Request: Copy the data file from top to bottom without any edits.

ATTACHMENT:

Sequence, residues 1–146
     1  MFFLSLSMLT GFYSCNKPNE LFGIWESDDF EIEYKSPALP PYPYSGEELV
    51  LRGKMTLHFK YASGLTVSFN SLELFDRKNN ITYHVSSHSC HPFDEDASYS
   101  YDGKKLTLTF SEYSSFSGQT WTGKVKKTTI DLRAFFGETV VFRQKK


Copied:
Sequence, residues 1–146
     1  MFFLSLSMLT GFYSCNKPNE LFGIWESDDF EIEYKSPALP PYPYSGEELV
    51  LRGKMTLHFK YASGLTVSFN SLELFDRKNN ITYHVSSHSC HPFDEDASYS
   101  YDGKKLTLTF SEYSSFSGQT WTGKVKKTTI DLRAFFGETV VFRQKK